Read the statement on Toni Morrison’s death from publisher Alfred A. Knopf
Nobel laureate Toni Morrison died Monday night, publisher Alfred A. Knopf confirmed. The statement notes Morrison’s many achievements, including winning the Pulitzer Prize in 1988 for Beloved.
Read the full statement below:
We are profoundly sad to report that Toni Morrison has died at the age of eighty-eight. She died last night at Montefiore Medical Center in New York.
The Bluest Eye, Morrison’s first novel, was published by Holt, Rinehart and Winston in 1970. Morrison followed with Sula in 1973, and nine subsequent novels, all of them published with Alfred A. Knopf.
Morrison’s novels were celebrated and embraced by booksellers, critics, educators, readers, and librarians. Her work also ignited controversy, notably in school districts that tried to ban her books. Few American writers won more awards for their books and writing. Morrison was awarded the Pulitzer Prize in 1988 for Beloved. In 1993, she was awarded the Nobel Prize in Literature, with the Swedish Academy recognizing her as an author “who in novels characterized by visionary force and poetic import, gives life to an essential aspect of American reality.” In 1996, she was honored with the National Book Foundation’s Medal of Distinguished Contribution to American Letters, and in 2012, President Barack Obama presented her with the Presidential Medal of Freedom.
Morrison also worked as an editor at Random House – the first female African-American editor in company history – from 1967 to 1983. There, she published Gayl Jones, Toni Cade Bambara, Henry Dumas, Huey P. Newton, Muhammad Ali, and Angela Davis, among others. Her work as an editor and publisher at Random House demonstrated a unique commitment to writers of color, and helped in opening industry doors to them.
And for over five decades, Morrison was also a part-time teacher of creative writing and literature, often bringing students together with other writers, at Howard University (from which she graduated in 1953), Yale University, SUNY Purchase, Bard College, Rutgers University, SUNY Albany, and Princeton University, where she retired as Robert F. Goheen Chair in the Humanities in 2006.
Many at Knopf and Random House came to know her as a valued colleague and dear friend.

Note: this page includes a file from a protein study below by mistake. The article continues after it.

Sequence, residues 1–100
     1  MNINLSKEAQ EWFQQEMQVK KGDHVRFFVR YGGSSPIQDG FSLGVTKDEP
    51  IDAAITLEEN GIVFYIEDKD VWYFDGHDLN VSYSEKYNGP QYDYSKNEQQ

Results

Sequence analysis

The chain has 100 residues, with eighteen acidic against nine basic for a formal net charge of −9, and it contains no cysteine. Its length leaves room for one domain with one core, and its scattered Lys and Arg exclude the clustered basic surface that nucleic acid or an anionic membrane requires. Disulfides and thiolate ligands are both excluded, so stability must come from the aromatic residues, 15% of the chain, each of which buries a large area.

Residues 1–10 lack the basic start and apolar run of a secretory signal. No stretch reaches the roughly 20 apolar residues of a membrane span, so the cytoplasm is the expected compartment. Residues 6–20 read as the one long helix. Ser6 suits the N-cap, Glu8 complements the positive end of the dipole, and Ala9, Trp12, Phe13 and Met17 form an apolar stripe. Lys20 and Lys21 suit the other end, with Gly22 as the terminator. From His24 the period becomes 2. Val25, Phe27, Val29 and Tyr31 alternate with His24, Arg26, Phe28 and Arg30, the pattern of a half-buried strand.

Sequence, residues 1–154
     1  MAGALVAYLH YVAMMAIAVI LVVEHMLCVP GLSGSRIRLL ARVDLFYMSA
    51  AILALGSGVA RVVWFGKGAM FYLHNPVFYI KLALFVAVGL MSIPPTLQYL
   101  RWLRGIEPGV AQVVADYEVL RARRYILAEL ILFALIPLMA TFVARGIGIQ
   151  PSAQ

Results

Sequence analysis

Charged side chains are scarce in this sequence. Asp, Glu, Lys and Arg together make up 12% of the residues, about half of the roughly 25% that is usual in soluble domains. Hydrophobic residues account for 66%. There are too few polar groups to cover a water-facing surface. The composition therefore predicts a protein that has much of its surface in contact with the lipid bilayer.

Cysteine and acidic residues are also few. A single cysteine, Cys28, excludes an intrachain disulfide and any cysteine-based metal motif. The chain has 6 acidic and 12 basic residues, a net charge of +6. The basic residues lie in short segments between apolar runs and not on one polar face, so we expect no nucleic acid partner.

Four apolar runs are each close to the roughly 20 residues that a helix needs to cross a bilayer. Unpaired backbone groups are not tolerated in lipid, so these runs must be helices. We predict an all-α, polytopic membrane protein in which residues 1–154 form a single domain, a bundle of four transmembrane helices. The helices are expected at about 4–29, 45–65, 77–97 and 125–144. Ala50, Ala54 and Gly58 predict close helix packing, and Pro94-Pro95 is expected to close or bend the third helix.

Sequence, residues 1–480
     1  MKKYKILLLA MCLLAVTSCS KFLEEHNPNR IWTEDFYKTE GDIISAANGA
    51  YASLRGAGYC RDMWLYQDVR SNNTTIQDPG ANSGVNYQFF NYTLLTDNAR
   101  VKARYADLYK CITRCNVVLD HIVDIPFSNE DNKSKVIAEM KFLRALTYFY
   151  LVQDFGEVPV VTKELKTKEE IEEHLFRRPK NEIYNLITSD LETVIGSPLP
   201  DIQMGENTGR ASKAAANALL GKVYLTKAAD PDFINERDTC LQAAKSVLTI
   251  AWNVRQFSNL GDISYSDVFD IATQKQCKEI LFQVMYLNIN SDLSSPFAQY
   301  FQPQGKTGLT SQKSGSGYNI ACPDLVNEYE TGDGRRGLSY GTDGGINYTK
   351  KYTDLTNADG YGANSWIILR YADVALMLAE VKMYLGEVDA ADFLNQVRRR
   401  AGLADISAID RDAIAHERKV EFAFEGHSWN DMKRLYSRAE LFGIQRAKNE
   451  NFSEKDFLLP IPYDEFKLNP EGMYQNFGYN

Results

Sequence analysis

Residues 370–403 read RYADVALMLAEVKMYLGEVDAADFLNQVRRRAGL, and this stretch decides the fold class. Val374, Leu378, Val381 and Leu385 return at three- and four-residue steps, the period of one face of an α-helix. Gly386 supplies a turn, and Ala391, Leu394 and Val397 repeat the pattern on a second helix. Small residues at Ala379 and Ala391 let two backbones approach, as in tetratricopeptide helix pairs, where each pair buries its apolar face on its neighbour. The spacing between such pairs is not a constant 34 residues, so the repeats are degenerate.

The Morrison family issued this statement: “It is with profound sadness we share that, following a short illness, our adored mother and grandmother, Toni Morrison, passed away peacefully last night surrounded by family and friends. She was an extremely devoted mother, grandmother, and aunt who reveled in being with her family and friends. The consummate writer who treasured the written word, whether her own, her students or others, she read voraciously and was most at home when writing. Although her passing represents a tremendous loss, we are grateful she had a long, well lived life.
While we would like to thank everyone who knew and loved her, personally or through her work, for their support at this difficult time, we ask for privacy as we mourn this loss to our family. We will share information in the near future about how we will celebrate Toni’s incredible life.”
Robert Gottlieb, Morrison’s longtime editor at Knopf, said: “She was a great woman and a great writer, and I don’t know which I will miss more.”
Sonny Mehta, Chairman of Knopf, said: “Toni Morrison’s working life was spent in the service of literature: writing books, reading books, editing books, teaching books. I can think of few writers in American letters who wrote with more humanity or with more love for language than Toni. Her narratives and mesmerizing prose have made an indelible mark on our culture. Her novels command and demand our attention. They are canonical works, and more importantly, they are books that remain beloved by readers.”
“A writer’s life and work are not a gift to mankind; they are its necessity.”
“If there’s a book you want to read, but it hasn’t been written yet, then you must write it.”
“We die. That may be the meaning of life. But we do language. That may be the measure of our lives.”
February 18, 1931 – August 5, 2019
The Bluest Eye, 1970
Song of Solomon, 1977
Tar Baby, 1981
A Mercy, 2008
God Help the Child, 2015
The Black Book, 1974
Playing in the Dark: Whiteness and the Literary Imagination, 1992
Race-ing Justice, En-gendering Power: Essays on Anita Hill, Clarence Thomas, and the Construction of Social Reality (editor), 1992
Remember: The Journey to School Integration, 2004
Burn This Book: PEN Writers Speak Out on the Power of the Word (editor), 2009
The Origin of Others, 2017 The Source of Self-Regard: Essays, Speeches, and Meditations, 2019